A curved screen QWERTY slider by BlackBerry that runs Android, are we getting this right? We double checked and the Priv is just as exciting as it is unique. Honestly, it is one of those things many may’ve fantasized about but nobody actually believed would happen. It’s also probably the last chance for BlackBerry to try and turn things around.
The BlackBerry Priv is a risky and costly venture – acknowledging the irony of saying that about a device, which is both superbly equipped and tightly secured.
Hopefully, for BlackBerry’s sake, the Priv will meet the expectations it set for itself and go down as a visionary, not an anomaly. Before we start exploring it though, we simply feel compelled to stop and let its marvelous ambivalence sink in.
The Priv looks strikingly like a highly customized car. It is almost as if BlackBerry walked into the dealership and ticked every possible box, even some that are barely compatible, and then went on to request a completely different engine. And if that wasn’t enough, BlackBerry then took it upon itself to fit its own security protocols so that the level of communication privacy matches its own high standards.
On the outside, the Priv is extremely attractive and instantly credible. Hardly a surprise though – the premium BlackBerries have always had it.
Now, the entire concept of a BlackBerry/Android hybrid has some enormous potential but the very first of this breed is definitely not for everyone. There’re many unknowns and there’s the price tag to consider as well. To continue with the car analogy – the top specs, the level of security and the BlackBerry badge on the hood all add up to an eye-watering price tag of about R13,715.00 (perhaps a bit less in the US).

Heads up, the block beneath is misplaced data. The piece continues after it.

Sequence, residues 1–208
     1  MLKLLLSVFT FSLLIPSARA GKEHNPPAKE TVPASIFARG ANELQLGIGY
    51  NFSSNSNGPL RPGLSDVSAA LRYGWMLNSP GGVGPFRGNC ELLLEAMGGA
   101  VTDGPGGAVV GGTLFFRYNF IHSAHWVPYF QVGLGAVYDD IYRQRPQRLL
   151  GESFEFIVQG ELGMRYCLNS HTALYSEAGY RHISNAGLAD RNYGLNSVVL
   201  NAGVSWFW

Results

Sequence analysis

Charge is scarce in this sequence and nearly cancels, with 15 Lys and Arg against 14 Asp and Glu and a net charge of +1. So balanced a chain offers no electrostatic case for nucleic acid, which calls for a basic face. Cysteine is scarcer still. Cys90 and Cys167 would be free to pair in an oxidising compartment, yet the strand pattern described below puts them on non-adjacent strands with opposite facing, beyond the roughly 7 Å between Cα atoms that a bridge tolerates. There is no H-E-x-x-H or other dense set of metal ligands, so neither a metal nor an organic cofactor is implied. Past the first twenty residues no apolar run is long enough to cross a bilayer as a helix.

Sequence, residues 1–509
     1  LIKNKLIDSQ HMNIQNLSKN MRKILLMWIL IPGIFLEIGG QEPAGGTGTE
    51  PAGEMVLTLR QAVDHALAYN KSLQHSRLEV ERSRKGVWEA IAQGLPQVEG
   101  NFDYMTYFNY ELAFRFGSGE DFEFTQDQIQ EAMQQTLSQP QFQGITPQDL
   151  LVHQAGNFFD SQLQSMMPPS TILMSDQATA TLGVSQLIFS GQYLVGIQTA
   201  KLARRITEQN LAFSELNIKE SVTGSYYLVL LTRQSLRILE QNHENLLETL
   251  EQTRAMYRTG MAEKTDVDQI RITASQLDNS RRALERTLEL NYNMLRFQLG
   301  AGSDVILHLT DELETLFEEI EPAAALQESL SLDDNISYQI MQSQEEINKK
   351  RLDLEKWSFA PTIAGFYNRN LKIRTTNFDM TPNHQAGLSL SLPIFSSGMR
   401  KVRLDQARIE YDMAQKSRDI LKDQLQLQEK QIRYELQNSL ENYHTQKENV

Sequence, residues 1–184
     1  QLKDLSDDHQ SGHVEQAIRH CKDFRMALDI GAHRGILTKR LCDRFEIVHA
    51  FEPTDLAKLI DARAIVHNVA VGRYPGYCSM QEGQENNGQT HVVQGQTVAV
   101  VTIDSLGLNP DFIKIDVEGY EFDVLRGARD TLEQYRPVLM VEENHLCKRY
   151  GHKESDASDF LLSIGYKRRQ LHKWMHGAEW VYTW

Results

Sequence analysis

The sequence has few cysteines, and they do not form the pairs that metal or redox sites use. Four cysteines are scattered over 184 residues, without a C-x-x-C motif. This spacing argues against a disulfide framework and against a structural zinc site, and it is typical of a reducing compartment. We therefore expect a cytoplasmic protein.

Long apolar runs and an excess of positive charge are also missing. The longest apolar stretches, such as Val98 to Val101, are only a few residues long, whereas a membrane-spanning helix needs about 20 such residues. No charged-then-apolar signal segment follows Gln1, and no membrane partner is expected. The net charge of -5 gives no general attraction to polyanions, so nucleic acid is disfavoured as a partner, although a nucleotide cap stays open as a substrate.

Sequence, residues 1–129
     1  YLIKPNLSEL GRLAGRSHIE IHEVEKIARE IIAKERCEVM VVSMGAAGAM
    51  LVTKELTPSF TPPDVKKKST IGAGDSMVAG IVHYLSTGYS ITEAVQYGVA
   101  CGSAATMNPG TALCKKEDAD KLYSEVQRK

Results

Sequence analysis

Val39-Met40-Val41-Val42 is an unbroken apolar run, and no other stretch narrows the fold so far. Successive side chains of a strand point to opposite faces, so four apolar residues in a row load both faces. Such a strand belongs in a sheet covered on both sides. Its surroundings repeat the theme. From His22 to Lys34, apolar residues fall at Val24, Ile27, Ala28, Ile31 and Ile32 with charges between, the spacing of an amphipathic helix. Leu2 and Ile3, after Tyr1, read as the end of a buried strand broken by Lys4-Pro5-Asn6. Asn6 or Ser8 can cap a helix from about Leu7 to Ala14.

That’s what Apple’s charging on the iPhone 6s, which we don’t say it’s fair, but last time we checked BlackBerry and Cupertino weren’t exactly neck to neck in the ratings.
There’s nothing wrong with exclusivity and fewer devices can do better at that than the Priv, but we can understand every bit of skepticism as to how well this will work out in BlackBerry’s current situation.
It’s exactly the less-than-the-stellar state of affairs though that makes one appreciate BlackBerry’s courage. Even more so for the attempt to maintain its high security standards on an open-source platform.
- 5.4″ 1440 x 2560 pixels AMOLED (540 ppi) capacitive, curved edge touchscreen
- Slider form factor, complete with a hardware 4-row BlackBerry keyboard
- Qualcomm MSM8992 Snapdragon 808 chipset – Dual-core 1.8 GHz Cortex-A57 & quad-core 1.44 GHz Cortex-A53, Adreno 418 GPU; 3GB of RAM;
- 18MP 4896 x 3672 pixels phase detection autofocus camera with OIS, dual-tone LED flash, Schneider-Kreuznach optics, 2160p video recording.
- 2MP front-facing camera, 720p video recording, selfie panorama mode
- Android OS v5.1.1 Lollipop with a custom BlackBerry launcher
- 32GB of built-in storage; dedicated microSD card slot
- Cat. 9 LTE (up to 450Mbps); Wi-Fi a/b/g/n/ac; Wi-Fi Direct; Bluetooth 4.1; A2DP, EDR, LE; GPS/GLONASS/; NFC; microUSB port with USB On-The-Go; 4k @30 fps video out supported with standard SlimPort adaptor
- Active noise cancellation with a dedicated mic
- 3,410 mAh sealed in battery with wireless charging and Qualcomm Quick Charge 2.0 support
BlackBerry PrivR 13,715.00
- Amazing battery life
- Smooth, mostly Google interface
- The best physical keyboard ever
- Decent camera
- Fantastic front-facing speaker
- Non-removable battery
- No quick charger in the bundle
- Wireless charging available only on the US model
- Underwhelming front-facing camera
- Quite a handful but for a better reason than most
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